Barbara Sonneborn's poignant and heart-affecting documentary was a 1998 Academy Award nominee and a winner of a 1999 Independent Spirit Award. Twenty years after her husband's death in the Vietnam War, she decided to visit the place where he was killed. Sonneborn, a San Francisco multi-media artist, not only presents the stories of other grieving American widows but also includes accounts of wives of North Vietnamese and Viet Cong soldiers. Some of the most astonishing moments in the documentary are provided by the filmmaker's translator, Xuan Ngoc Evans, a woman who survived the war's daily doses of fear, pain, guilt, and grief.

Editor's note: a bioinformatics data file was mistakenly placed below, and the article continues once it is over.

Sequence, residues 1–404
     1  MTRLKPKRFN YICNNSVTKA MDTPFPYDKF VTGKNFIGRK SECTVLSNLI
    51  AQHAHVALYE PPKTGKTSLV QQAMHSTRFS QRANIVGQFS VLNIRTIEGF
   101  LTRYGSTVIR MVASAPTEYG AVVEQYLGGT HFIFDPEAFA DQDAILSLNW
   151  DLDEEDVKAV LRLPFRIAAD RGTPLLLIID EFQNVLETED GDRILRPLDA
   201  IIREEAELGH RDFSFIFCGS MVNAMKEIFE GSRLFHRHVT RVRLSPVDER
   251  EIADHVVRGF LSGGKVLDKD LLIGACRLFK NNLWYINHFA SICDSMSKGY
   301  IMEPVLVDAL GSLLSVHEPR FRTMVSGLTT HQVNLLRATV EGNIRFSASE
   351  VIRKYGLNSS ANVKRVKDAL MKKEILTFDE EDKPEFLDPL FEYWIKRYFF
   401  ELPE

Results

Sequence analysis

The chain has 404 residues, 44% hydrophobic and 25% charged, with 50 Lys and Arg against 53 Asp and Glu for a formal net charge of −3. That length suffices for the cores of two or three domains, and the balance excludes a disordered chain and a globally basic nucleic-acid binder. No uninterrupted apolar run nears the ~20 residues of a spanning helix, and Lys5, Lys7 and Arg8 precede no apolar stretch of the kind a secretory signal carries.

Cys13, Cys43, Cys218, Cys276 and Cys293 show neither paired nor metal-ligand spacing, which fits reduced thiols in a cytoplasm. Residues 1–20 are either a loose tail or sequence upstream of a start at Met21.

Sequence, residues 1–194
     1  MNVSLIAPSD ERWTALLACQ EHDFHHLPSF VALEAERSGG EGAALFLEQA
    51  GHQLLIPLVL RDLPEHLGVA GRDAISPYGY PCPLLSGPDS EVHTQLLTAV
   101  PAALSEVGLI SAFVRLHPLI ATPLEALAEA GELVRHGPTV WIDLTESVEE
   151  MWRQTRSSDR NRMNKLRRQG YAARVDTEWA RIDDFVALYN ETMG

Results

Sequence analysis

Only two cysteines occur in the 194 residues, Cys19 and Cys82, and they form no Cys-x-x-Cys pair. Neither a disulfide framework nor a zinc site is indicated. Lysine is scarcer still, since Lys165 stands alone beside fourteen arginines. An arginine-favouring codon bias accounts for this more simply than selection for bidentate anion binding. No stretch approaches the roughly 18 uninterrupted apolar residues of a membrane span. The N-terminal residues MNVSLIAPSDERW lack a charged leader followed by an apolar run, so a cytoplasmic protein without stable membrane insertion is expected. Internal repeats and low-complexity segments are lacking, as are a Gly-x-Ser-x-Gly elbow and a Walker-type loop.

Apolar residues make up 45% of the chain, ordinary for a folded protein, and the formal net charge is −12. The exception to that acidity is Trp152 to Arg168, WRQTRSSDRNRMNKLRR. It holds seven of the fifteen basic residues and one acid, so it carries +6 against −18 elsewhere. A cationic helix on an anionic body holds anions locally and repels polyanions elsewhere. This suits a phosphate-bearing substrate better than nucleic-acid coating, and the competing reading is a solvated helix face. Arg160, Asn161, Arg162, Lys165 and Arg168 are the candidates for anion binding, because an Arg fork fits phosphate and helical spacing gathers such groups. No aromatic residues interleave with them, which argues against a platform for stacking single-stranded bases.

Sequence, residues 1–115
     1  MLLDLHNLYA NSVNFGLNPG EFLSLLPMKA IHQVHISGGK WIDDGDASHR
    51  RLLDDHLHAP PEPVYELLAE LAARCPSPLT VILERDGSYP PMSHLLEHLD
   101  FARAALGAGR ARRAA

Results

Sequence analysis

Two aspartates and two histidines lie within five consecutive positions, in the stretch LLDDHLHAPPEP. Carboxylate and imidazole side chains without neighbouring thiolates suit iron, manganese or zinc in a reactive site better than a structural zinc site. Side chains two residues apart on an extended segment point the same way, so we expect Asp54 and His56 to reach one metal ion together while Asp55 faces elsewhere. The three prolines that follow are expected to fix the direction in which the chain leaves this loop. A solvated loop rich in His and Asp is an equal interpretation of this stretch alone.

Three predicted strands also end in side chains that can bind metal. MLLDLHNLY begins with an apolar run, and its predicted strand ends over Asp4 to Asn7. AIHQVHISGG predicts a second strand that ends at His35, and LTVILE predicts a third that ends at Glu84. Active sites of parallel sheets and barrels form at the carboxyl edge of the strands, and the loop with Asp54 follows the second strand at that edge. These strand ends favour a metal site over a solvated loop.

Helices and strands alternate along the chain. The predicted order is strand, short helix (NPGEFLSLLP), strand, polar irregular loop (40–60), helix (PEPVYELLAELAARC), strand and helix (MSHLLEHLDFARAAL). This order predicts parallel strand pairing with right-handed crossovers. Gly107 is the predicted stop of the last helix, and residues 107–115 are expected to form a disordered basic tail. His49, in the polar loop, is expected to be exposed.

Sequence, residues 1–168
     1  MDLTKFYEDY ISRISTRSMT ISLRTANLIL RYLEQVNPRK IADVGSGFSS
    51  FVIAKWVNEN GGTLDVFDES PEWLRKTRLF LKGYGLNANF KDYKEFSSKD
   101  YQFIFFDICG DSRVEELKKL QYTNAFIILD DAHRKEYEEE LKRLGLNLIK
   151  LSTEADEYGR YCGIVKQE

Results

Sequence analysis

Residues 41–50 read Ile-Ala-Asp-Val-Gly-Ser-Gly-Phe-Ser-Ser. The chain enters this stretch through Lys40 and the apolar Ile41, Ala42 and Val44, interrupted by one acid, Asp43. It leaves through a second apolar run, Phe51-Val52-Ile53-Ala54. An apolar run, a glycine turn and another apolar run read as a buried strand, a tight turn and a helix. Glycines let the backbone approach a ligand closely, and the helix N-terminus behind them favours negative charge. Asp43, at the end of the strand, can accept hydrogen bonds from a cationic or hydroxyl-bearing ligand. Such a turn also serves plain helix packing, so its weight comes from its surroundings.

The American widows speak out against the thief who stole their husbands; they talk about the loss that will not go away. The Vietnamese widows reveal the devastation of their lives by the bombings, the random murders, and the destruction of their homes and villages. Archival film footage illustrates what they are talking about.
In one of the film's most memorable moments, Sonneborn and her translator make an offering for everyone who died in the war. This simple but moving ritual is an act of solidarity with all those who suffered in the war and were separated by hate, fear, and violence. Regret to Inform is an act of healing itself, a film affirming reconciliation.